Cindy is a professional storyteller.  How exciting to have her guest blog!  Please check out her blog and follow her on Twitter (@CindyMarieJ). ~EMP

I’ll cut to the chase.  I know more about Greek mythology because half my summers were spent in my father’s library than because of anything l learned in school. My sister and I read, drew, made up stories and occasionally assigned each other book reports. I know about presidents who were assassinated or had attempts on their lives, including the sociopolitical economic situation surrounding the country at those times; I know much more than about these gentlemen than any other presidents. Why? All because I directed a production of a musical called Assassins.

At one point in time I could darn near recreate a Japanese Tea Ceremony to perfection, due to another theatrical project on the isolation, discovery and subsequent westernization of Japan. I venture so far as to say that the only reason I know how to string two sentences together in a cohesive manner can be directly tied to all of the plays, classical and modern, that I saw since my youth. No writing class taught me how to tell a good story. Listening and absorbing and encouragement did.

The connecting thread seems clear: for me and many others, most of our actual knowledge can be traced to topics that we enjoy. When we investigate or research for the pure joy of it, we don’t segment our interests into distinctive subjects, say: English, Math, Reading, World History, Social Studies, Geography (if that is even being taught any longer), U.S. History….the list continues.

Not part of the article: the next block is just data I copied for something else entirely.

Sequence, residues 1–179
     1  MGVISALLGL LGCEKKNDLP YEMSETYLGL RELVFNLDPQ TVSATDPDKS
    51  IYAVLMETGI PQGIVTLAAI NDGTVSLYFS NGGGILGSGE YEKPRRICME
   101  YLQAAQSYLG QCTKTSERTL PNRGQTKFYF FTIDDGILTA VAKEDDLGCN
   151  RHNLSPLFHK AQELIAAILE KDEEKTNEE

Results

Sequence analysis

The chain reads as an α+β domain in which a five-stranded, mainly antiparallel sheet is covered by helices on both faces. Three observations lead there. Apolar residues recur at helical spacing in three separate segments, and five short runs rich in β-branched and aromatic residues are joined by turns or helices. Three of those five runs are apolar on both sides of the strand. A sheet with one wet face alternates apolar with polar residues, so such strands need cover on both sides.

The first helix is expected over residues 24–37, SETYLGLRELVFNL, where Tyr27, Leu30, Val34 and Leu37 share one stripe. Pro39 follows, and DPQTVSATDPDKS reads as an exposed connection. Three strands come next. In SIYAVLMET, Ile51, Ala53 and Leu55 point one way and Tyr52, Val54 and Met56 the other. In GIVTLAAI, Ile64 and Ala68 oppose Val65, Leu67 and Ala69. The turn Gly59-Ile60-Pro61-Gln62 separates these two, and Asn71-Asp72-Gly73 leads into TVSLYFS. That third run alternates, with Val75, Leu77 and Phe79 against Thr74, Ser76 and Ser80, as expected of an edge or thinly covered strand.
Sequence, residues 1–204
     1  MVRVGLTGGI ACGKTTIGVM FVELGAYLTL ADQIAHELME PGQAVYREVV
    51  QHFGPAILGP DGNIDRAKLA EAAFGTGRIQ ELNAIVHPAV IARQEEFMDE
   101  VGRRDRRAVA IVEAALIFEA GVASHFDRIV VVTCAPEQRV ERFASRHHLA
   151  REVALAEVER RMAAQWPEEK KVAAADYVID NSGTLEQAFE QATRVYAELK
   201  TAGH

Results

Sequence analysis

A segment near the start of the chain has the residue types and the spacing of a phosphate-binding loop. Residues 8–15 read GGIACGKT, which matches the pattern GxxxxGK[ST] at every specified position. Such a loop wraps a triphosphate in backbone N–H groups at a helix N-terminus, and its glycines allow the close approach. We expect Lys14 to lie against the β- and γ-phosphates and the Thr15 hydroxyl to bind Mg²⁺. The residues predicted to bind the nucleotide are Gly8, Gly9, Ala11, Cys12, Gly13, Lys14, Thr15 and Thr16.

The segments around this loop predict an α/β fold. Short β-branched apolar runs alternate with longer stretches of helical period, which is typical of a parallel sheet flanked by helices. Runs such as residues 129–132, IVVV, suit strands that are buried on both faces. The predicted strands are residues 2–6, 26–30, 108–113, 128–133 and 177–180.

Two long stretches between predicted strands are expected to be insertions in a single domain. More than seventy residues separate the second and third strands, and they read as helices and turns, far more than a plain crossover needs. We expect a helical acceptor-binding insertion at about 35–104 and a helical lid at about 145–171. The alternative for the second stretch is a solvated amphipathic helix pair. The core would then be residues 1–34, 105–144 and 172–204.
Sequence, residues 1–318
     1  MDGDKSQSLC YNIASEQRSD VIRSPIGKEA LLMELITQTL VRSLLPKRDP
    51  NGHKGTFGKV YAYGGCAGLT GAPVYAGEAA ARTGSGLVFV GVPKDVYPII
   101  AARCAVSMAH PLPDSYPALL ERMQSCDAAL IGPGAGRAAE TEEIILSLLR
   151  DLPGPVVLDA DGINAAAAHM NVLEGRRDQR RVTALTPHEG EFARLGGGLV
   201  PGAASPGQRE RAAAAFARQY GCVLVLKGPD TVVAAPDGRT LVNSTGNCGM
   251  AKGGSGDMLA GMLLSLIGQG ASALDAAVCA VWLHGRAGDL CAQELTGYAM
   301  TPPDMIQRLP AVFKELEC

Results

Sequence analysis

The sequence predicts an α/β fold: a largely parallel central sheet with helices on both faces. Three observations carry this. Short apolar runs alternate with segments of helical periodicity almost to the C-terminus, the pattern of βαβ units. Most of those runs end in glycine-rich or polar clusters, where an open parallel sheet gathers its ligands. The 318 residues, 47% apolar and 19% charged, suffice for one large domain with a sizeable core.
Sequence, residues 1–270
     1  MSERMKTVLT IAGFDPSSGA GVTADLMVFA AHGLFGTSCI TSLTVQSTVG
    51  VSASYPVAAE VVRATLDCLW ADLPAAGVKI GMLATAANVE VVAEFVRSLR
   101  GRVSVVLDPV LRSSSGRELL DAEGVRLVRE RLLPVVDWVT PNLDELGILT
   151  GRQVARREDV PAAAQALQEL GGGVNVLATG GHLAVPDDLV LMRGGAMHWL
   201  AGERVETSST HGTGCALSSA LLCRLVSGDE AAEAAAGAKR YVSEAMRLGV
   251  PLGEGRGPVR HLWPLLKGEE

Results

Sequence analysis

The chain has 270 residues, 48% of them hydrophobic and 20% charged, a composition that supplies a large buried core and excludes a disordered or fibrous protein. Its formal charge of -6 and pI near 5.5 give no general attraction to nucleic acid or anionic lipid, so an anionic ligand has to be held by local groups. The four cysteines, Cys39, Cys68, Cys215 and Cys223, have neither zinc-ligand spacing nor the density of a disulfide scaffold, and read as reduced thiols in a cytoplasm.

So why do we ask our children to learn that way?

When we are interested in something, we don’t stop when the bell rings. We learn until we are full. We stop when we are satisfied or fall asleep with a book or laptop opened to the last page of our latest obsession..

The examples continue. To me, the point is clear. Give students some creative license. Validate their interests and capitalize on them. Who cares if they read Moby Dick or Catcher in the Rye or Great Expectations or Twilight? Encourage the Dickens fans to report on the historical accuracies and inaccuracies inherent in his stories. Ask the child in the corner who only wants to doodle if he knows that many great paintings began as sketches, and what different movements in art meant for the world at those times? Have the gamers follow their favorite brands in the stock market as if they owned a share; they can learn about the company, business decisions, economics, and maybe even know enough to read a stock portfolio one day.

Integrating learning based on interest creates critical thinkers and gives importance to their interests, to the things they care about in this world. Don’t you think that might make school more exciting?

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